Conair Hair Dryer with Diffuser

$37 (was $47) at Amazon

How To Plop, Step-By-Step

Plopping is gentle on curls and safe enough to do every time you wash. If you have wavy or curly hair, try this process the next time you wash and style.

    1. Shampoo and condition as usual. If you find normally leaving in a little dab of conditioner helps your curls stay frizz-free, you can keep doing that. Plopping can also be done on days you skip washing, just be sure to thoroughly soak your hair first.
    2. Don’t towel dry. Instead, gently flip your head upside down and rock your hair from side to side to let the excess moisture drop. You still want very damp hair to sound “squishy” when you apply your products.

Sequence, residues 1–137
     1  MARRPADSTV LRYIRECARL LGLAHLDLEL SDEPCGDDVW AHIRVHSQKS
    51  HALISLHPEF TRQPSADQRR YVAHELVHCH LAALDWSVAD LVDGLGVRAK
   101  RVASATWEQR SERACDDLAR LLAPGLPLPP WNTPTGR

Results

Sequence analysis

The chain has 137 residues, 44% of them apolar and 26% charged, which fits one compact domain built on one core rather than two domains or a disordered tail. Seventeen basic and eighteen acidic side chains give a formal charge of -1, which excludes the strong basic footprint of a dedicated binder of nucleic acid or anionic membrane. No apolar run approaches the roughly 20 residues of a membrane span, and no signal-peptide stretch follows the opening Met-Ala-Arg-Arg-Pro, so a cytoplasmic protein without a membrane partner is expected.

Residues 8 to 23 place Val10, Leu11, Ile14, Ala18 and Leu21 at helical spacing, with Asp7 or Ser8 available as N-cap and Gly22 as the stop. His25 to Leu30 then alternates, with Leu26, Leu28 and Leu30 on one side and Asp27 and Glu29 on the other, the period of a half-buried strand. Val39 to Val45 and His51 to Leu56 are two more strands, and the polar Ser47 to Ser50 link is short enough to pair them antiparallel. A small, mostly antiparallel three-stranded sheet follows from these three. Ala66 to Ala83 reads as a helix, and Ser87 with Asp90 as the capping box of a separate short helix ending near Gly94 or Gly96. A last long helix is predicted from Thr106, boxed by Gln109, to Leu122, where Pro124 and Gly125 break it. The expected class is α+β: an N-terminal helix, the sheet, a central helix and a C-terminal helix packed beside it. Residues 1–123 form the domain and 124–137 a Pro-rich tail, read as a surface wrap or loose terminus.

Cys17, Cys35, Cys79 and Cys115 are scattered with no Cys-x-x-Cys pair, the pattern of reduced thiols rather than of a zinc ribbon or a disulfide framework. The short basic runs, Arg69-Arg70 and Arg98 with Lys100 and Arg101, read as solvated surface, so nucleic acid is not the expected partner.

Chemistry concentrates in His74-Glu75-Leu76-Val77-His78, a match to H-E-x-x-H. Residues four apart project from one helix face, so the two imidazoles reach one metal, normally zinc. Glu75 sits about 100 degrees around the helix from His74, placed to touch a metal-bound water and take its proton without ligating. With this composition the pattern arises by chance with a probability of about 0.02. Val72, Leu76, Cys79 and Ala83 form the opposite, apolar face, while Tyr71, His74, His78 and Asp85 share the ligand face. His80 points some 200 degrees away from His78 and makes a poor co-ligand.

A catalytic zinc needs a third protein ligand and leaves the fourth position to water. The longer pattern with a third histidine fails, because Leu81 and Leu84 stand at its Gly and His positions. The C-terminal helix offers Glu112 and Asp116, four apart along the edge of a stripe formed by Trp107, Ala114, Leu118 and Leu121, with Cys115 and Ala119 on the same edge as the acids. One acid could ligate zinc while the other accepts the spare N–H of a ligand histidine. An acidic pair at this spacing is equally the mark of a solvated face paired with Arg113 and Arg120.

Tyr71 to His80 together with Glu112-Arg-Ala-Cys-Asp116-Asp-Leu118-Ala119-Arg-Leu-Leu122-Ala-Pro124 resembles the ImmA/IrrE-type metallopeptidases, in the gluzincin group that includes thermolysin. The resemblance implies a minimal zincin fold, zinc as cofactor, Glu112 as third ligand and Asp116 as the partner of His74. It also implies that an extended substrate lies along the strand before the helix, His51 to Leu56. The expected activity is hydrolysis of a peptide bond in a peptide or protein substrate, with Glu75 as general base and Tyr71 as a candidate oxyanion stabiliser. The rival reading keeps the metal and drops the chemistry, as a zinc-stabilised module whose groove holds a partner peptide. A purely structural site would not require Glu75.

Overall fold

3. Apply products like gel, curl cream or leave-in conditioner. Carefully coat strands and then scrunch the curls from the bottom up to help with definition.
    4. Drape your fabric near the edge of your bed or countertop and plop. Aim to place the top of your head in the center. Pull the cloth over the nape of your neck and wrap the ends across the top, near the front of your head. Then pull your head up.
    5. Experiment to find the right amount of time for you. While some experts recommend plopping for as little as 10-15 minutes, others recommend 45 minutes to leaving hair plopped overnight. Play around and see which time length works best for you.

What is plopping for curly hair? originally appeared on